Posts Tagged ‘Wildlife’

From en.wikipedia.org

From en.wikipedia.org

Yesterday I watched a turkey put on a show.  Yes, I have seen photos of the he-bird with all his feathers spread out in a big fan, but being naive, even at my venerable age, I had no idea why.

But yesterday I was at the kitchen window and saw a big turkey fella all fanned out like he was on parade.  He would take a few steps forward, then a few back, and then he would ever-so-slowly pivot round full circle and then back around.

Now I know what strutting really means!

I could not see the object of Tom’s affections because Lady Mae was in a kind of hidden spot.  But I knew.  I just knew there had to be a lady bird watching.

Tom’s parade of feathers and demonstrations of immense male beauty went on for 10 minutes or more – the slow turning and preening, the look of expectation – the circling round – and all to no avail.

I was getting tired for Tom (and my neck hurt from craning) and I wondered how long it would take Lady Mae to respond if ever.  Maybe she found Tom lacking in some way.  I thought he was magnificent but who am I to judge the spread of a wild turkey’s feathers anyway?  He looked majestic to me.

But then Tom Turkey suddenly gave up.  He looked beaten and rejected like a dog skulking away with his tail between his legs.  All his gorgeous feathers went down until he was reduced to an ordinary not-so-impressive turkey.  And he turned away from Lady Mae and slowly moved off into the woods and never once looked back.  I had the feeling he was saying, “I give up. There must be someone else.”

I was so disappointed for Tom and I almost turned away too, but Voila!  Here came Lady Mae out of hiding and into view.  She moved verrrry slowly in Tom’s direction.

I could just see Tom on the edge of the woods beginning to fan his feathers once again.  He moved forward a few steps, but then moved deeper into the woods again.  And Lady Mae moved forward, and the whole “Come to me darling – Maybe I will” program dragged on until Lady Mae disappeared into the woods with Tom.

OMG – I had witnessed a turkey mating ritual and I think they knew

I was a hopeless voyeur and they went into the woods to enjoy a little privacy.

Pictures?  I could not tear myself away from the show long enough.

So I’ve posted someone else’s photo above of a Tom-Look-Alike in lust.


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That morning I saw a lone deer

standing statuesque

and gazing at a field of snow.

I glanced away to other mundane chores,

looked back and back again

to find her still unmoving,

shocked and staring.

“Where is that grassy field I knew just yesterday?” 

she seemed to ask.A Cold World

“What is this sea of white?”

And as I ate a quiet breakfast and sipped my tea 

I realized hunger was the poor deer’s plight,

for there she stood shocked and wondering

what to do or where to be

until resigned she turned and walked back

into the forest.

A Cold World 2

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If you’re down my way and want to see wild animals in a more natural environment than behind the bars of a zoo, plan on visiting the Virginia Safari Park.  This is where the animals are free to roam, or block your path, or lie flat-out in the sun.  The choice is theirs.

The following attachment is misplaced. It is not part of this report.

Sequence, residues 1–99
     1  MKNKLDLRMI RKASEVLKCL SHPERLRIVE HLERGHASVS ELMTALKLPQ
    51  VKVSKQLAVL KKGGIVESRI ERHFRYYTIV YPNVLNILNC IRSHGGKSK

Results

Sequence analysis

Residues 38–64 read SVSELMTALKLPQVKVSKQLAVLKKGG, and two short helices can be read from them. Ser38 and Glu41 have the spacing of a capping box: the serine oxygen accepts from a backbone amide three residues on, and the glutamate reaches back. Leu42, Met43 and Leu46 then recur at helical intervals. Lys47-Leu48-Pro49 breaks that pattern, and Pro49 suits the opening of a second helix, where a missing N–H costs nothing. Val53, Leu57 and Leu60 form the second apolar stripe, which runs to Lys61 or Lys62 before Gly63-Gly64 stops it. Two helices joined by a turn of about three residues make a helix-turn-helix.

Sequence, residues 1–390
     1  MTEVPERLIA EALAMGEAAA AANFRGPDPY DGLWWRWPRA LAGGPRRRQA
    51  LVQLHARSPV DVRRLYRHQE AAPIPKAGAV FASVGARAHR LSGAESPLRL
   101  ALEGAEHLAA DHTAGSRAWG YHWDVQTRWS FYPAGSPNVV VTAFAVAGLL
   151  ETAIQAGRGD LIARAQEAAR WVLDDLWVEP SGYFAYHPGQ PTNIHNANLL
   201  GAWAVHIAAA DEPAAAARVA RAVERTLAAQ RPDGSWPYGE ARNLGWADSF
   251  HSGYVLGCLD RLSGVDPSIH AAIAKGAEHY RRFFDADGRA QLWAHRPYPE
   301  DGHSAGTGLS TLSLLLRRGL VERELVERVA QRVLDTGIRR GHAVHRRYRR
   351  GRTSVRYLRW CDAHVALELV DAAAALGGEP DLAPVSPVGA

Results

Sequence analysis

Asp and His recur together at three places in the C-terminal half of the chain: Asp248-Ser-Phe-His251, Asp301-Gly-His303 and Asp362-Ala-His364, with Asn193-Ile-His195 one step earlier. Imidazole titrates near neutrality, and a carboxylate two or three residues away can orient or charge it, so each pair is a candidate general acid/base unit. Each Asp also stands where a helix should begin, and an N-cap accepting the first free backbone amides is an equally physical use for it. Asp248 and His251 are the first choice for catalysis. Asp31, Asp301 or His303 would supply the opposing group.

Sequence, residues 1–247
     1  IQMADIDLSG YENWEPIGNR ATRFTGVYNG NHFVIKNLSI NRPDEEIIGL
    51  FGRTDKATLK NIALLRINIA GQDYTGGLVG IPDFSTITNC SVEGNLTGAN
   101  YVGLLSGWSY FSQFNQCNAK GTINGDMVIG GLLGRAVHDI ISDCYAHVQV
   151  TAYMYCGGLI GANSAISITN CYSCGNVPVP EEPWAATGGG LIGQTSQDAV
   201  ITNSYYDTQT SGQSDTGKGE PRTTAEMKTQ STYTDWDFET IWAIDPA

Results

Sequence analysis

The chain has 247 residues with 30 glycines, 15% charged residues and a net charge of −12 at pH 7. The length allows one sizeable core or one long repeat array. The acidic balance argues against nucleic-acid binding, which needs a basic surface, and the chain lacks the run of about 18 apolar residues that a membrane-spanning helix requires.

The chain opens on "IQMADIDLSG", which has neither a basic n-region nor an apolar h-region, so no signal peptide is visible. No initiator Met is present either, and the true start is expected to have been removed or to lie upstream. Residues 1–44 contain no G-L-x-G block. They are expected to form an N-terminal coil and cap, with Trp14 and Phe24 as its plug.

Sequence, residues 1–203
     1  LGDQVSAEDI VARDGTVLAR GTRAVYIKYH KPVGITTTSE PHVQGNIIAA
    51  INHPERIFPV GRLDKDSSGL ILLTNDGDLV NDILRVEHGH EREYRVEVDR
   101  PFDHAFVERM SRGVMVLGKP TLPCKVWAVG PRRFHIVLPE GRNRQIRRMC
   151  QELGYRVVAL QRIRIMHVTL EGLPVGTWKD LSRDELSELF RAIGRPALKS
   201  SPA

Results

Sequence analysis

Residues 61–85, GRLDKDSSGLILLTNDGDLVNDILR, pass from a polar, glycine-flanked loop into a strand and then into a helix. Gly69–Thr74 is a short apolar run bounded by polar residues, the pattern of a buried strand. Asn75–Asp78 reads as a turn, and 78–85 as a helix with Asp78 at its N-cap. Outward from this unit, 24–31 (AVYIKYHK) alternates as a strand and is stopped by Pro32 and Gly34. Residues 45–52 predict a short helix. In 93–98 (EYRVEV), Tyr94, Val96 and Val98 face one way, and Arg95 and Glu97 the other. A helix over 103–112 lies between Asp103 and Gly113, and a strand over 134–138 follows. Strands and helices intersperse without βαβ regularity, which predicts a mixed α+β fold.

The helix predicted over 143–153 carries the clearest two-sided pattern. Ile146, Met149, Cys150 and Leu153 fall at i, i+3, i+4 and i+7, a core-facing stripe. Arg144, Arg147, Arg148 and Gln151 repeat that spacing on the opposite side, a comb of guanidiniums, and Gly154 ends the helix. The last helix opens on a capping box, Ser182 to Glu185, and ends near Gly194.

Kangaroos Sleeping Around

Kangaroos Sleeping Around

I can’t tell you how many times I have returned to this astounding 180 acre drive-through adventure and there’s nothing like the squeals of children offering their feed buckets out the windows of the car.

View from Safari Park Road

View from Safari Park Road



Uh Oh!  Buffalo!

Uh Oh! Buffalo!

Kisses for Food Pleeze!

Kisses for Food Pleeze!

C'mon Get Out of the Car!  I Dare You!

C’mon Get Out of the Car! I Dare You!


I'm Waaaitinggg.....

I’m Waaaitinggg…..

Lllama Here!  Hello!

Lllama Here! Hello!

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Deer Turkey Convention

I went racing through the house this afternoon (just minutes ago in fact) from the kitchen window to the far back den where my husband hangs out

“Look!  Look!  Look out the window!

There is an enormous wild turkey sitting on our fence!”

And so he looked and proclaimed, “Wow, there are actually five turkeys and two deer out there!”


I had only seen one huge turkey and that was astounding enough.

I raced back to the kitchen window to grab the camera.  I know the images are a little fuzzy.  It’s a rainy misty day.

But now I am also hollering at you in the blog-us-fear,

“Look!  Look!  Look – it’s a Deer/Turkey Convention out there!”

Deer Turkey Convention 2

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Wanna Play

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I am awed by the unexpected connections sometimes formed between human beings and the creatures of the wild.

This came to me in an email and it cries out for sharing.  Obviously the warden was not only brave but compassionate.  The creature knew it, and a temporary bond was formed, based on trust.

The Gutsy Game Warden

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Photo from Wild for Wildlife and Nature

Unlikely Lovers

“I sometimes dream of being tall.”

“I sometimes dream of being small.”

“Let’s get together after all.”

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If you think you have seen a bear, you have.

That is what people tell me here in rural Virginia and yes, I have seen a bar (Virginia slang for bear) walk right by my window.  Granted, he didn’t know it was my window.  He just sauntered on by in all his magnificence as if it were his regular route to our peach trees. Bears are supposedly very shy critters and will avoid meeting up with us humans UNLESS we take them by surprise or come between a mama and her cub.  There is at least one other major causative factor leading to human-bear connections, which leads me to a good story.